The office is that of a typical academic at a 'red brick' university, sparsely furnished, shelves with files and books. Only one thing indicates the refugee status of its occupant: a poster of a well-known face with the caption, 'A bundle of belongings isn't the only thing a refugee brings to his new country - Albert Einstein was a refugee.'
Like Einstein, Dr Teame Mebrahtu brought more than a bundle of belongings with him. Forced to flee from Eritrea when the Provisional Military Administrative Council took over in Ethiopia, he is now a lecturer in Education and Development in the Third World at Bristol University. Over the years he has become an international authority on development issues. Recent papers he has presented range from 'Education for the environment - its effect on development' (a favourite subject in view of the desertification of the Sahel region) to 'Peace and development in Eritrea' - presented earlier this year in Cologne. He is, he says, a firm supporter of peaceful negotiations for his own country as for others. 'You can't solve problems through the barrel of a gun.'
One recent project close to his heart aimed to make schoolchildren aware of their responsibilities as 'global citizens' - a phrase he likes to use. Sponsored by the Rowntree Foundation, he visited various schools to tell pupils how he as an African saw the world. The children loved it and many wrote back to him. A memento of this is pinned to his study wall. From class 1, Gay Elms School, it simply says, 'To care for others' - the topic of his talk in that school.
He acknowledges that his fondness for the concept of 'world citizenship' was partly forged from his experience as a refugee.
In 1974, when the Derg took over from the Emperor Haile Sellassie, Mebrahtu was head of the Department of Education at Asmara University.
'We had a meeting of the heads of the various departments,' he told me. 'The head of the economics department, to whom I had given a lift at lunchtime, failed to turn up in the afternoon. We found his dead body the next day, strangled with piano wire.'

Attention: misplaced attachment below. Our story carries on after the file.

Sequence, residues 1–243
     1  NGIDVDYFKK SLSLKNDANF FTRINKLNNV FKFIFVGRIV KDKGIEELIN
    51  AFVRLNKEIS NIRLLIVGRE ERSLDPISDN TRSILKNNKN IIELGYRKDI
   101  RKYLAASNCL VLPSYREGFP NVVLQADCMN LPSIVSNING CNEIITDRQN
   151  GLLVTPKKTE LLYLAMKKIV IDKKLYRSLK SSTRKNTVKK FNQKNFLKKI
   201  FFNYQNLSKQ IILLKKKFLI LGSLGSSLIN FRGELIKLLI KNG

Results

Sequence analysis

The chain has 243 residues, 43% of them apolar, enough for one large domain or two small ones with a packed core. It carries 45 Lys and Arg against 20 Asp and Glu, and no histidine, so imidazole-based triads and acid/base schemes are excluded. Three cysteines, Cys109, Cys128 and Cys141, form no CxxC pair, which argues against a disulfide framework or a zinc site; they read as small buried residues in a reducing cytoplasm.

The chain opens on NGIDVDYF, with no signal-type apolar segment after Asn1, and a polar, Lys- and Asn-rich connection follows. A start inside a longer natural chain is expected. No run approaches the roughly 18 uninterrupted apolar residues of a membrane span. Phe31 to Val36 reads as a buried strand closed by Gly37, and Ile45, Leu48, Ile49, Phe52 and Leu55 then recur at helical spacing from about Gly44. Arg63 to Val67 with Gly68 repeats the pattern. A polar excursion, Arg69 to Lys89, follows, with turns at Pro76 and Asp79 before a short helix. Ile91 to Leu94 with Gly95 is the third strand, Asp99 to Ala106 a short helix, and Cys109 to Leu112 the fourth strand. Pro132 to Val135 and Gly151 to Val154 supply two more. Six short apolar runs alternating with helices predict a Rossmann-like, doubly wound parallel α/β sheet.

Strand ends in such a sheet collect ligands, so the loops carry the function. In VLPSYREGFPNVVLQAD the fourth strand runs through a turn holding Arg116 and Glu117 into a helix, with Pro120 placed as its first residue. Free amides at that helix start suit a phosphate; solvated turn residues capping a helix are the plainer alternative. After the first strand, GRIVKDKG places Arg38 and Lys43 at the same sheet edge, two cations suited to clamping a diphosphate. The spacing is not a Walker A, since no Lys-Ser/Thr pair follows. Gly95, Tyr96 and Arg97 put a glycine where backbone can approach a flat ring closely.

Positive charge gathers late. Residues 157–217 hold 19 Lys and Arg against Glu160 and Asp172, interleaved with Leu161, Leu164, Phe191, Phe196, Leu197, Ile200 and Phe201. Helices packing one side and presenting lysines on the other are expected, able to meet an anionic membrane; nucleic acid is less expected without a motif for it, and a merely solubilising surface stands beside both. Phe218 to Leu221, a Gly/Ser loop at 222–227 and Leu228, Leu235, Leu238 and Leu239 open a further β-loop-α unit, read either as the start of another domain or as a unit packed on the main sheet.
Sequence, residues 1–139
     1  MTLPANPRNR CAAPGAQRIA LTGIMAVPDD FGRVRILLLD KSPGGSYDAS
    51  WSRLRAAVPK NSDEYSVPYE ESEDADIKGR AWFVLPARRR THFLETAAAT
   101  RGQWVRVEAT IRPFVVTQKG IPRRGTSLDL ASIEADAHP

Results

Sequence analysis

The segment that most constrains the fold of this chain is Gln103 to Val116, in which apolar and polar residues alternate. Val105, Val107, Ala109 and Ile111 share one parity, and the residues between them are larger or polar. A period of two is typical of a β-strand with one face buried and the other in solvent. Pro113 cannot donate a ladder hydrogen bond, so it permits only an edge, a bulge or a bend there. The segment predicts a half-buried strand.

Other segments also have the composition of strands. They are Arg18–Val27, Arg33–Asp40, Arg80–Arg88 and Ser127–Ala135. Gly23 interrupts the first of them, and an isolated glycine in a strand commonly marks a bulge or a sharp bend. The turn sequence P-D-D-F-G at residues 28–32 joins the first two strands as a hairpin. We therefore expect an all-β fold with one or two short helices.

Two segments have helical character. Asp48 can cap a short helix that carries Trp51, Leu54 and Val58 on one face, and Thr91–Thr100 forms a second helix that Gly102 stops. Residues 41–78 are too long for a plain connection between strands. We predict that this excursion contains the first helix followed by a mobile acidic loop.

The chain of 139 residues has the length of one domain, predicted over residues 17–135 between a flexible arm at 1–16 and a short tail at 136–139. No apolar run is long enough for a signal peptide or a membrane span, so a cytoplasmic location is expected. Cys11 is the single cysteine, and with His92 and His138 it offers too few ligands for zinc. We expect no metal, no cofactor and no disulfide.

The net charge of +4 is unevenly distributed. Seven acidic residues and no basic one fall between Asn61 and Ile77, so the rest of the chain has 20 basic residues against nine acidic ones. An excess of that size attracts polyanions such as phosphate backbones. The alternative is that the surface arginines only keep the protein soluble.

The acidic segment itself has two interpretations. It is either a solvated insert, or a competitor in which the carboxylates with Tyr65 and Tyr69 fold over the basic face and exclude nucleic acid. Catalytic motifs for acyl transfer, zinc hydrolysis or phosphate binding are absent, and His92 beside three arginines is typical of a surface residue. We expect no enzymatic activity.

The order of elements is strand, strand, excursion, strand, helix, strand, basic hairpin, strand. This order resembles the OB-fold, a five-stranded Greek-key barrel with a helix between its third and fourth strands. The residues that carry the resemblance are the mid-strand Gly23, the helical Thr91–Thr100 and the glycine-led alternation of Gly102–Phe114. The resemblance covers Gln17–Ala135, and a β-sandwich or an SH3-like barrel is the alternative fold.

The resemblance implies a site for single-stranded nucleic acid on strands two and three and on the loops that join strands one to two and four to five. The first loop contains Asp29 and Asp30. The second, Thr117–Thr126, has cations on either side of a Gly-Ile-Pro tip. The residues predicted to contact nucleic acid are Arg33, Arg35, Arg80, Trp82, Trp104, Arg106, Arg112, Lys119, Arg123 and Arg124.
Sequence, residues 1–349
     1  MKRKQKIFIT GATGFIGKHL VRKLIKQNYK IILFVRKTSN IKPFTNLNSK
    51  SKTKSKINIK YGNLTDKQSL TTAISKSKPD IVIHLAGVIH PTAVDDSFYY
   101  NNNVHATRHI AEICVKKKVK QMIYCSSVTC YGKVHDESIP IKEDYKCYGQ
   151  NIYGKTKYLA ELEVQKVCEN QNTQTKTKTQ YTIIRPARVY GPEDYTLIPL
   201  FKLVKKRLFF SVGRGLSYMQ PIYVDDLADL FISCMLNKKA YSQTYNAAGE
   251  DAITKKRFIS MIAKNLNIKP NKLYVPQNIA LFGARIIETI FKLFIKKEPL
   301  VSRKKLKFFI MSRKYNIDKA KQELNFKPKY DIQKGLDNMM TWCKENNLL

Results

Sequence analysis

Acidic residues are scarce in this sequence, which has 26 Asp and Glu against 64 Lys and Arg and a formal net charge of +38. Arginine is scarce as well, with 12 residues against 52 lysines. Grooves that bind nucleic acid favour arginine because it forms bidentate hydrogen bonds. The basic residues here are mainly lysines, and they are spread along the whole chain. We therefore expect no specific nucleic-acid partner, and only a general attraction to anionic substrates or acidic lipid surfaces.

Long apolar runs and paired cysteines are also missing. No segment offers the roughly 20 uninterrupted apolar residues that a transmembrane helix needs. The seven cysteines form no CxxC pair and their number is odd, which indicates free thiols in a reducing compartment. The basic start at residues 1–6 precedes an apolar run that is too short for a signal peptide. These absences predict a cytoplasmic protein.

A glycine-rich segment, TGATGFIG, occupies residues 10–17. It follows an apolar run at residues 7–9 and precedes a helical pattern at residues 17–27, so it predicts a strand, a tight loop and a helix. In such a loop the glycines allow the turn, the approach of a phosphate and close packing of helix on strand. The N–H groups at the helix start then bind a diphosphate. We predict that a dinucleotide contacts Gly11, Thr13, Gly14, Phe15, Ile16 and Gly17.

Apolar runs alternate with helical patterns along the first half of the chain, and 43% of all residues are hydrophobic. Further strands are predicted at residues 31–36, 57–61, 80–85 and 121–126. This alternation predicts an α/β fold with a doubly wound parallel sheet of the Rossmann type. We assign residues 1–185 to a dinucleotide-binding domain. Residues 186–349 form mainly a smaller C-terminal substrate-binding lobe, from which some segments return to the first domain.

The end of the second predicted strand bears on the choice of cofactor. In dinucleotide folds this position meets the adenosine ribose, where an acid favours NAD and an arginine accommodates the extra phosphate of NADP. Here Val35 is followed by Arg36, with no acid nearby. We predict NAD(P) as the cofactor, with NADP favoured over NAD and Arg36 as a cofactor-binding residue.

Hearing that he was next on the list for assassination, Mebrahtu decided to leave. A scholarship to do further studies abroad gave him an easy route out and enabled his family to join him just under a year later.
Adjusting to life in Britain was not easy. As Mebrahtu says, refugees often remain outsiders. They are constantly reminded by their hosts that they are foreigners and are unlikely to find new employment, despite good qualifications. As a result many become bitter and tend to look back to the good life in their old countries before the troubles started, rather than looking forward to a brighter tomorrow which they themselves can have a part in creating.
Mebrahtu had to face these feelings himself. 'It's part of the bridge that a refugee has to cross.' He does not blame his host community for being exclusive - that is 'only human and natural.' The difficulty comes when members of the host community fail to empathize with the refugees 'who after all have gone through some traumatic experiences.' As it was, he and his family decided to accept their new country as home and to care for its people as fellow citizens.
Asked if he thinks of himself as a world citizen or as an Eritrean, he says that there are times when his 'Eritrean-ness' tends to dominate, particularly when he is reminded of the sufferings of his own people. At the moment he is inundated with cries for help from Eritreans, following a visit to a refugee camp in Sudan. It was, he says, heartbreaking to see former classmates, people he had taught, reduced to this state. Feeling bitter that he could do so little to help, he almost decided to quit Bristol and stay with these people.
'But,' he says, 'when I put on my lecturing hat, as an educator that sort of parochialism is shoved aside. Being here I could help them more than if I was in their midst.' Such experiences fuel his determination in working to prevent similar tragedies. In the short term, his colleagues have raised money and given books for the refugees there. He is also touched to see that children from some of the schools he visited have donated books and materials.
Mebrahtu's contact with Moral Re-Armament has, he says, helped him to integrate being an Eritrean with being a global citizen. 'It constantly reminds me about my responsibilities to all these five billion inhabitants of planet earth.'
But how does he find the inner resources to cope with being a refugee, I asked. He paused. 'In a word I should say, faith,' he replied. 'That helps me to know my bearings and it also gives me hope about the future. And I obtain vision, and the vision is: "It's immaterial where I live, it's immaterial who I am; what is important is what part do I play".'